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#18 Dave Mitsky

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Posted 28 September 2020 - 12:13 AM

A monopod makes mounted binoculars fairly easy to use.



#19 Cames

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Posted 28 September 2020 - 12:28 AM

The type of glass used for the prisms is somewhat important. I've heard that BAK-4 glass is better than BAK-7 for prisms - theoretically producing brighter images for the same aperture but usually at higher cost.

 

The exit pupil diameter of the 7X50 is ~7 millimeters; and that of the 10X50 is 5 millimeters.  It's good practice to match the exit pupil produced by the optic to the diameter of one's fully dilated pupil.  Youthful pupils are often in the 7 mm range; and old timers' more like 5 mm.

 

The most annoying defect of binoculars for me is when right and left optical paths are not parallel to each other.  When I use such a wall-eyed binocular for star gazing, I get what looks like 'double-vision'.  My eyes can overcome and combine the images for a short period but soon eye muscles begin to burn.  It makes me stop the gaze.   Looking through binoculars in broad daylight often masks slightly misaligned optics.  But looking at stars is the acid test and will immediately tell if your bino is any good.   More important than exit pupil and prism quality for me is parallelism of right and left side of the binocular.  I would pay extra for that.

 

A swivel chair that also reclines a little bit and that supports my head and neck while seated has worked wonders for my binocular technique.  I think I can see more of what the binocular is showing me that way.  Also,  the chair supports my comforter that keeps me and my binocular warm while I'm referring to my Pocket Sky Atlas. YMMV.

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#20 jiblet65

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Posted 28 September 2020 - 07:34 AM

Lots of good advice and from my limited experience I can tell you that the ED binos are worth the extra expense. I have a pair of 10x60s I leave in my truck and they magnify the sky well and they're great for checking out the dawn sky before I go in the water. That being said when you view the Moon through them and my Oberwerk 10x42 ED's you can see a huge difference in clarity and detail. I really like them as they are rugged and well built, waterproof and very portable. I viewed NEOWISE through them and they gave a much better image than our telescopes.



#21 rhetfield

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Posted 28 September 2020 - 08:12 AM

My Nikon Acelon 10x50's were the brightest thing that Cabela had in the case.  I wouldn't try to handhold anything bigger or higher magnification.  The 10x50's are a bit shaky for me, but manageable.

 

If one has the small fortune needed to get image stabilized binos, that is the way to go, but those cost thousands.



#22 Tony Flanders

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Posted 28 September 2020 - 08:52 AM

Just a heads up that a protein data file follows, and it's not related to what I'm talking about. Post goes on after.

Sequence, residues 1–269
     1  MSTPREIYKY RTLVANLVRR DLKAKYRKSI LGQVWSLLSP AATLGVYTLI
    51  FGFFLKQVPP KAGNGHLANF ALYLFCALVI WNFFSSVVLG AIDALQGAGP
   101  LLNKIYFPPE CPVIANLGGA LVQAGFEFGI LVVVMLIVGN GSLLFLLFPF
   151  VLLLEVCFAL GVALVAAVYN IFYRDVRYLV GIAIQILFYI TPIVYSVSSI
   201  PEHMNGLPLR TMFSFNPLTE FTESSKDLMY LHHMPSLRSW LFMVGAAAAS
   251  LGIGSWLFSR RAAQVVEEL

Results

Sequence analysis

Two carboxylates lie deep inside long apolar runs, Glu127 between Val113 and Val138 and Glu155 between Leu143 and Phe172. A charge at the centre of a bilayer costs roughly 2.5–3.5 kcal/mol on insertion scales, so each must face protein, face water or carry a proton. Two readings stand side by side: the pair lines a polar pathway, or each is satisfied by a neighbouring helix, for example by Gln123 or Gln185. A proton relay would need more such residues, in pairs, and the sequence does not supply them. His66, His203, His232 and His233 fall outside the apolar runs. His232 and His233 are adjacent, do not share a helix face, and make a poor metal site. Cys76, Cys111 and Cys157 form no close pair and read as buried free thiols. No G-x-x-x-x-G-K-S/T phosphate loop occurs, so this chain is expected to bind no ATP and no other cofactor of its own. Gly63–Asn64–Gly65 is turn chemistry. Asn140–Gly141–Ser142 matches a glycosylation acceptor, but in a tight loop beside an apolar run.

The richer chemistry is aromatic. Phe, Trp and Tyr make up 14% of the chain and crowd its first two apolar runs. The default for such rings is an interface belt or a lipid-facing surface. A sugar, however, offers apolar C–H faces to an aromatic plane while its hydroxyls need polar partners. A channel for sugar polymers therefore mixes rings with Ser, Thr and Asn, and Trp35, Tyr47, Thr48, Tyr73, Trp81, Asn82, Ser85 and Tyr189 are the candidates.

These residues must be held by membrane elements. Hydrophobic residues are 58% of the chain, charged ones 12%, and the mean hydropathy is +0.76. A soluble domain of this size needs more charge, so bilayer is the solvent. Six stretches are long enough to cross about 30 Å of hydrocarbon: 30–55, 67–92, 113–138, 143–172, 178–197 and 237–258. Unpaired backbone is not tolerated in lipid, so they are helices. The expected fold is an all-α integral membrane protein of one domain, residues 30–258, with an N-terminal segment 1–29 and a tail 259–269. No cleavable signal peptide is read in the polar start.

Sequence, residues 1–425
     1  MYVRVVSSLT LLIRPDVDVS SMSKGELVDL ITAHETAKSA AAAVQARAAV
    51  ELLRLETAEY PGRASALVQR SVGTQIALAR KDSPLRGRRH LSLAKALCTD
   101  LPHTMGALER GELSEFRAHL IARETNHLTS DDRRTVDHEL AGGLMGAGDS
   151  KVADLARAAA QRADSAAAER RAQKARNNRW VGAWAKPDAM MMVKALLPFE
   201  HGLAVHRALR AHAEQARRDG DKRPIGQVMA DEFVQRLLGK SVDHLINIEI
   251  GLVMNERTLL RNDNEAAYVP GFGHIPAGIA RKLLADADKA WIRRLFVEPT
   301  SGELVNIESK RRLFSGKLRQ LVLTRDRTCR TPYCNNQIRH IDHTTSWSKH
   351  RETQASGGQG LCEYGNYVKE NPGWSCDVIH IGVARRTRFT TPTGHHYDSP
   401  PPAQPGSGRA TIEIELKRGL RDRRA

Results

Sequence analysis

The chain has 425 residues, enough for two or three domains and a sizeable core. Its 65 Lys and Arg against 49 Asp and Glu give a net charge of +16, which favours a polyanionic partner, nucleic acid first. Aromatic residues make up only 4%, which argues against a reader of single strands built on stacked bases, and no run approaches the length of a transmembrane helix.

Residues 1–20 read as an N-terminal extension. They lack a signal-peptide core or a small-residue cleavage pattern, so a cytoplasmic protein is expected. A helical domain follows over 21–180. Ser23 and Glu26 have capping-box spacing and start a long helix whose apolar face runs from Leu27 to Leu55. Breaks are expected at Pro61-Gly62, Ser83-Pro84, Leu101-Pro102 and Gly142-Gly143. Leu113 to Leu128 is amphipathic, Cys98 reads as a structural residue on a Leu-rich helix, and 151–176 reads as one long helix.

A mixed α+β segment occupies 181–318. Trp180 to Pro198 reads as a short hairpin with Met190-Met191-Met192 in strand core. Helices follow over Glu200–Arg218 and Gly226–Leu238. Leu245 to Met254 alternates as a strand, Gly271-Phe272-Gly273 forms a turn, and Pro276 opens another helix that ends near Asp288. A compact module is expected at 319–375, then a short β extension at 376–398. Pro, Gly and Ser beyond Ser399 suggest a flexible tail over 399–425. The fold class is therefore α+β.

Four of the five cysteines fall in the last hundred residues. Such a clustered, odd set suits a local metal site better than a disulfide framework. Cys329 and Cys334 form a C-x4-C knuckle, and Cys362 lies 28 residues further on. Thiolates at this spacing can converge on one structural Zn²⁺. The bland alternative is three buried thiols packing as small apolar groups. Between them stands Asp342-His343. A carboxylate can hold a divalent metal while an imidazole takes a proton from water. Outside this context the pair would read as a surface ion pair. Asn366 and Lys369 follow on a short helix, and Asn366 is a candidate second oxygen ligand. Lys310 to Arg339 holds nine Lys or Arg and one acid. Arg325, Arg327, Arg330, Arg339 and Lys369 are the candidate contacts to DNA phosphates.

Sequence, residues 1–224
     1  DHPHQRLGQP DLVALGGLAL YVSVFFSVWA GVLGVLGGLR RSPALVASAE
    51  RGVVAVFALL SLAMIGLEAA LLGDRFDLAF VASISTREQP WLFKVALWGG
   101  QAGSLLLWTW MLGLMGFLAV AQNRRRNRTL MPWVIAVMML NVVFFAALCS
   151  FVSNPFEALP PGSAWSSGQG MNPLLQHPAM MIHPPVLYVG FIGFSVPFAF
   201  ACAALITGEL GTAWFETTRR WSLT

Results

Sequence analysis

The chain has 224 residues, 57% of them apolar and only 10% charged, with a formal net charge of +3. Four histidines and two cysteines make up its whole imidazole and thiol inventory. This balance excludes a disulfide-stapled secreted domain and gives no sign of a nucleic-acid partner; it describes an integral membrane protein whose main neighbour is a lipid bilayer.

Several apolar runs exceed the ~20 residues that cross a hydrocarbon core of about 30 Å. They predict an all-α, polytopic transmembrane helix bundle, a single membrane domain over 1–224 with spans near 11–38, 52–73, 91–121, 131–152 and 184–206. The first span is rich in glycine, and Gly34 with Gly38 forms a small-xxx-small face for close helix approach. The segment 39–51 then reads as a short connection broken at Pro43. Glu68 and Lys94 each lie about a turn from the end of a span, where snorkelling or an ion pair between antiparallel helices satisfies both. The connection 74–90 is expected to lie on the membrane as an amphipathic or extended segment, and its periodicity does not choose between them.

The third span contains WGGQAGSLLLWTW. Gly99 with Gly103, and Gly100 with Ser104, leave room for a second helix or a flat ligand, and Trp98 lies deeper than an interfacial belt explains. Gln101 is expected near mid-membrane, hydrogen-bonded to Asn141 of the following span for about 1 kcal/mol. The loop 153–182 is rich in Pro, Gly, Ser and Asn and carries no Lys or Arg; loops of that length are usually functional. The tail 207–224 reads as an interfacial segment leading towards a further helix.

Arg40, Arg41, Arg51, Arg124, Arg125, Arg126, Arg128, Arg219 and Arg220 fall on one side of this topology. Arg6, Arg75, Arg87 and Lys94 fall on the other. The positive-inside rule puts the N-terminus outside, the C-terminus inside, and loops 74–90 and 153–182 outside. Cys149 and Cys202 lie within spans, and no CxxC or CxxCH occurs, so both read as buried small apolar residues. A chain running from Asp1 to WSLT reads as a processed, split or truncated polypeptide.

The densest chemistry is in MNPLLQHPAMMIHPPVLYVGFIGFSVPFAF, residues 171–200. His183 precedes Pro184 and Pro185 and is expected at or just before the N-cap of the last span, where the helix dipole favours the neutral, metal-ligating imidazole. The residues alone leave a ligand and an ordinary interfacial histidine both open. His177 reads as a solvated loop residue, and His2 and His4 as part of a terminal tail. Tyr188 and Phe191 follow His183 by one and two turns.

I am very impressed with what the image-stabilized 15x50s can do.  However, they are terribly expensive.


Agreed on both counts.

#23 havasman

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Posted 28 September 2020 - 02:39 PM

Hey all, 

 

Relatively new to the hobby. After vacationing a few times in dark areas, really starting to see the value in something small that's grab and go if I want to check something out without resorting to the full set up (also looking into a smaller dob for this maybe as well?)

 

Anyway, what are the considerations for binoculars? At first I was all in on the idea of high magnification, but now I'm sort of second guessing. If I want big mag to look at planets, I'll set my scope up. Can they gather enough light/field of view appropriate for clusters and nebula? 

 

Just sort of lost as to what direction I want to go. Then there's the whole monopod/tripod thing

If you want a premium pair of binoculars at a good price there's a pair of APM 7X50 ED Magnesium series on AstroMart for $285. I have the older non-ED 10X50's and they are very good. All reports are that the ED's are even better.



#24 ==JAMES==

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Posted 28 September 2020 - 03:38 PM

A lot of good advice here. I will make one suggestion and that is consider a decent pair of 8x42 binoculars. In my opinion these are the best all-around binoculars for birding, sporting events, and all things terrestrial and they are great for observing the night sky, too.  If I only had one pair of bins this would be it and my 8 x 42s are easily the ones I use the most. Also if you can get into the $300 to $500 price range you will have a pair the will last you a lifetime, but spend more if you can. I have a number of binoculars that I bought then after using them for a while I bought a better pair. I could own a pair of Swarovskis if I had started with a better quality to begin with.  That said, I think my favorite brands in the $300-$500 price range would be Nikon, Vortex, Zeiss, but there are others as well. These would be a good starting point.  Good luck.